Survey: Four in ten Americans have filed their 2012 tax returns

If you're female, under 40, or work for the government, you are more likely to have filed your 2012 tax return. Photo: Have you filed your 2012 tax return yet?

SAN DIEGO – March 7, 2013 – Have you filed your 2012 tax return yet? If you have, you are among the one in four Americans who have already sent their returns off to the IRS.

The latest Rasmussen Reports national survey finds that 38% of Americans have filed their income taxes already. Fifty-two percent (52%) have yet to file but plan to do so by the April 15 deadline. Four percent (4%) plan to get an extension.


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Women and adults under 40 are more likely to have filed their taxes already than men and older Americans. Younger adults expect a refund much more than older adults do.

Fifty-seven percent (57%) of government employees have filed their income taxes already, compared to 48% of those who work for a private company. Only 15% of entrepreneurs have filed already, and just 29% of these taxpayers expect a refund.

Investors are less likely to expect a refund than non-investors, which helps explain why 60% of investors have yet to file their taxes, compared to 44% of non-investors.

Forty-three percent (43%) had filed by March 15 in 2012, which was down from 51% who had already filed by the same time in 2011. Forty-three percent (43%) had filed by before the Wall Street meltdown in March 2008.


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Forty-eight percent (48%) of Americans expect to get a tax refund this year, up from 42% a year ago. Only 18% expect to owe the government money, down from 24% in 2012. Twenty-three percent (23%) predict that they will break even, while 12% are not sure.

Not too many taxpayers say they’re worried about being audited by the IRS. Only 16% are at least somewhat concerned that the IRS will audit their taxes, including five percent (5%) who are “very concerned.” Entrepreneurs are more than twice as likely as government workers or private company employees to be concerned about an IRS audit.

Eighty-one percent (81%) don’t share that concern, with 26% who say they’re “not at all concerned.” Famous last words?

Forty percent (40%) of Americans intend to prepare their own incomes taxes this year, down slightly from 43% last year but still ahead of the 29% who did their own taxes in 2011. Forty-eight percent (48%) will hire a professional to do their taxes this year, up from last year’s 43% but down 10 points from 58% two years ago. Nine percent (9%) will have someone in their family do their taxes.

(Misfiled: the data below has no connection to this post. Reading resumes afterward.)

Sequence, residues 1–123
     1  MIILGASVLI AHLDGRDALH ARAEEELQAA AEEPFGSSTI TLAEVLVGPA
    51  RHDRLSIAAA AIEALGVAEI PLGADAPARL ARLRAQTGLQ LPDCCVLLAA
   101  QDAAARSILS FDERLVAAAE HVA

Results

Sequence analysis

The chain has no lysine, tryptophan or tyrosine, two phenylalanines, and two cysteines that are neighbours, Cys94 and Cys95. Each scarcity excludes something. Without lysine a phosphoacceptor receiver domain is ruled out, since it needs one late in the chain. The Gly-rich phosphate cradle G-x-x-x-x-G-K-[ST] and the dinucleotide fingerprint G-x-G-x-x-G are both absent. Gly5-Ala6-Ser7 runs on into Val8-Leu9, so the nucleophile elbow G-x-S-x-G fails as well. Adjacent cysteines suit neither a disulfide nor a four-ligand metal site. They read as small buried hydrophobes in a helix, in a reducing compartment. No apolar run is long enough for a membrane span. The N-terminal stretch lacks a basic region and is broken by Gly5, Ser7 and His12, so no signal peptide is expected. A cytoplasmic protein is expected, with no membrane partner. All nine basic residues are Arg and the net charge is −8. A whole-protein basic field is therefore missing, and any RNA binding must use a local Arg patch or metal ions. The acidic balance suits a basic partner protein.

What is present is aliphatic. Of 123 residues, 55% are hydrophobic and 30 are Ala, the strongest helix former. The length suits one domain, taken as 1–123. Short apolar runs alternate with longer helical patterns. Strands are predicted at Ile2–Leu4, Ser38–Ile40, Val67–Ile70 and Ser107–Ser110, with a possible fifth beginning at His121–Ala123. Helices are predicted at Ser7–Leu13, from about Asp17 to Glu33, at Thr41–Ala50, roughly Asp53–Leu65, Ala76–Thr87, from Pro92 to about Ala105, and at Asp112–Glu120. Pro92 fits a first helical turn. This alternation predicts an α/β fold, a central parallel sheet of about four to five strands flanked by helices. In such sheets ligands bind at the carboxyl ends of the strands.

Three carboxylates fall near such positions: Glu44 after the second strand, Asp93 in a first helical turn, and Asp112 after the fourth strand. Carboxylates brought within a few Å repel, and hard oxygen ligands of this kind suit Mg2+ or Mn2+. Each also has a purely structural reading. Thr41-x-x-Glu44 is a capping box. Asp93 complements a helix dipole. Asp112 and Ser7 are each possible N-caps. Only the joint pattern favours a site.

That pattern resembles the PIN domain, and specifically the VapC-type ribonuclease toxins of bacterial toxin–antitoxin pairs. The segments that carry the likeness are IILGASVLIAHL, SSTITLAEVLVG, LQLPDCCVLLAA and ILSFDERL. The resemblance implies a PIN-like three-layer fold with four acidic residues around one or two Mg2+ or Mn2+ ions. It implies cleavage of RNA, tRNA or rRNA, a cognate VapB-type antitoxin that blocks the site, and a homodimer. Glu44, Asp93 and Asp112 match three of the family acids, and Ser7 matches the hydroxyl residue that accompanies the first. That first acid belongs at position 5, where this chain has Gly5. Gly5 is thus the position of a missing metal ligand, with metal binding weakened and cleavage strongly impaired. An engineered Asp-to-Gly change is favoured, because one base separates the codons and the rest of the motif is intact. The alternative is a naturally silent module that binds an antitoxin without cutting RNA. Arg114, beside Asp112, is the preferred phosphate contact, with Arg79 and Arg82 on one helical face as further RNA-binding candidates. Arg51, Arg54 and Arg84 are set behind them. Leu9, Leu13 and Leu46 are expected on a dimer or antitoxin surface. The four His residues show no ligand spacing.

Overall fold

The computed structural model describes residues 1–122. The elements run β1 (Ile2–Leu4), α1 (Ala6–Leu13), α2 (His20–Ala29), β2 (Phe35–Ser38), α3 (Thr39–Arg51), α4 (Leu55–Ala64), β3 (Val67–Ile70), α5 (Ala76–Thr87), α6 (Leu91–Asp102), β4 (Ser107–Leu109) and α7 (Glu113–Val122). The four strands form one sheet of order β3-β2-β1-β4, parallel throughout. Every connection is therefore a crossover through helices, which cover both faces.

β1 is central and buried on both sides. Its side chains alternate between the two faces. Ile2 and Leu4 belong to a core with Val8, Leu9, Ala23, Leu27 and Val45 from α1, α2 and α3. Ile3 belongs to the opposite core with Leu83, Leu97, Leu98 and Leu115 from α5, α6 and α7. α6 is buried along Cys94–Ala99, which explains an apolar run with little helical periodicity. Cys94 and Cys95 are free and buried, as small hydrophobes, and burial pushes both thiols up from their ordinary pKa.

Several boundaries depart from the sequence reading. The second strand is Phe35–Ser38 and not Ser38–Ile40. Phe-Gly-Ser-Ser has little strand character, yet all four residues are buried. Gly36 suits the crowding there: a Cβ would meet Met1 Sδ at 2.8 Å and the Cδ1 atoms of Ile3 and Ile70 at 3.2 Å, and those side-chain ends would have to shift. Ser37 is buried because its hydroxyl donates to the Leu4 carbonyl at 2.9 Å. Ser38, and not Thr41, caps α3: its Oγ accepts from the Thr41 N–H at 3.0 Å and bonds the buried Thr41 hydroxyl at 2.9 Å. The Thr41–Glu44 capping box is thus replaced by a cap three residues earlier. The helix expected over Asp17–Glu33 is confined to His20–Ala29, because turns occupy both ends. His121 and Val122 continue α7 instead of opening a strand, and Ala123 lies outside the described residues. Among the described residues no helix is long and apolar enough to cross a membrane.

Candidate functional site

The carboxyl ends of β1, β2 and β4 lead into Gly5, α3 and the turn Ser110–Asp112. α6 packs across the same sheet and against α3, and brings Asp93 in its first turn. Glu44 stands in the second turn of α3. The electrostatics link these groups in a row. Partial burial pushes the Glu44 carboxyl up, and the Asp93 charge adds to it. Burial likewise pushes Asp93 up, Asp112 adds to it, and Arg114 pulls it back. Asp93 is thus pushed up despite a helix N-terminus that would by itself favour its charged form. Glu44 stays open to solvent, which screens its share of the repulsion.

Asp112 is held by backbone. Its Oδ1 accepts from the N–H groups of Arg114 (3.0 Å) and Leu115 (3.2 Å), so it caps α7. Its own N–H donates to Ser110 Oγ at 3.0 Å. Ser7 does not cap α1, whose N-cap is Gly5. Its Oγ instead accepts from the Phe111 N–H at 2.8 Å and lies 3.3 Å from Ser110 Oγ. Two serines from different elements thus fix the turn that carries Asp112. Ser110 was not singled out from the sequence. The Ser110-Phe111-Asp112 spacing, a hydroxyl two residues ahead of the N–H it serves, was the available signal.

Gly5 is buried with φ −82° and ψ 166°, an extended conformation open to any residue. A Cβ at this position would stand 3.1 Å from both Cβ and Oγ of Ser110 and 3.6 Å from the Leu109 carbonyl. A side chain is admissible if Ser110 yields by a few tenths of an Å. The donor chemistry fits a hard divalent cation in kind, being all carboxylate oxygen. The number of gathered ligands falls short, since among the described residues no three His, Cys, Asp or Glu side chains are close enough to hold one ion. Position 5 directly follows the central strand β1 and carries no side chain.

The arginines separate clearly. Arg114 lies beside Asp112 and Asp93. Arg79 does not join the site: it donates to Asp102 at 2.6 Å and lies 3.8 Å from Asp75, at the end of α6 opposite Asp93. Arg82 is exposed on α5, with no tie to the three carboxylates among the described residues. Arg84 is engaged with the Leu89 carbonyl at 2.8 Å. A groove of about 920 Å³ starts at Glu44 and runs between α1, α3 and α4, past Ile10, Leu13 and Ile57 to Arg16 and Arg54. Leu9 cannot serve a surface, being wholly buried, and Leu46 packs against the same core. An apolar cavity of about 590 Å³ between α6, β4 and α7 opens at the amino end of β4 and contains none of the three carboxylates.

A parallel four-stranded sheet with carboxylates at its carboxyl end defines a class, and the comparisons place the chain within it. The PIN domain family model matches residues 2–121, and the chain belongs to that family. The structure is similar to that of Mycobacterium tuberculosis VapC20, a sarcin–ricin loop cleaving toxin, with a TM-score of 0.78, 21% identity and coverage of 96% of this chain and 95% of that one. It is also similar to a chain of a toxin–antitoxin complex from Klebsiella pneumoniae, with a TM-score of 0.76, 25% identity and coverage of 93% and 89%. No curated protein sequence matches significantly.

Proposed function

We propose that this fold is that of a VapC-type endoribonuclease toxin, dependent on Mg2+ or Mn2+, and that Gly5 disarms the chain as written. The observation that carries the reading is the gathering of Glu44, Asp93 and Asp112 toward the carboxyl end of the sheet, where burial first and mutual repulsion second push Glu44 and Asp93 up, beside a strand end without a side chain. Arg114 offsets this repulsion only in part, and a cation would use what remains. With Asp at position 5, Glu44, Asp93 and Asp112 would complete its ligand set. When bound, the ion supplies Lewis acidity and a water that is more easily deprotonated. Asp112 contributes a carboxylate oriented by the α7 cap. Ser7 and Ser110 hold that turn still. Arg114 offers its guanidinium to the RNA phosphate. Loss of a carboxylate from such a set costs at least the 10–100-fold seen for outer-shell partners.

Half of all Americans still think they pay too much in taxes, and question the fairness of the current tax system. Only half?

The survey of 1,000 American Adults was conducted on March 3-4, 2013 by Rasmussen Reports. The margin of sampling error is +/- 3 percentage points with a 95% level of confidence. Field work for all Rasmussen Reports surveys is conducted by Pulse Opinion Research, LLC.

 

Gayle Lynn Falkenthal, APR, is President/Owner of the Falcon Valley Group in San Diego, California. She is also a serious boxing fan covering the Sweet Science for Communities. Read more Media Migraine and Ringside Seat in the Communities at The Washington Times. Follow Gayle on Facebook and on Twitter @PRProSanDiego. Gayle can be reached via Google +

Please credit “Gayle Falkenthal for Communities at WashingtonTimes.com” when quoting from or linking to this story.  

Copyright © 2013 by Falcon Valley Group


This article is the copyrighted property of the writer and Communities @ WashingtonTimes.com. Written permission must be obtained before reprint in online or print media. REPRINTING TWTC CONTENT WITHOUT PERMISSION AND/OR PAYMENT IS THEFT AND PUNISHABLE BY LAW.

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Gayle Falkenthal

Gayle Lynn Falkenthal, MS, APR, is President of the Falcon Valley Group, a San Diego based communications consulting firm. Falkenthal is a veteran award winning broadcast and print journalist, editor, producer, talk host and commentator. She is an instructor at National University in San Diego, and previously taught in the School of Journalism & Media Studies at San Diego State University.

 

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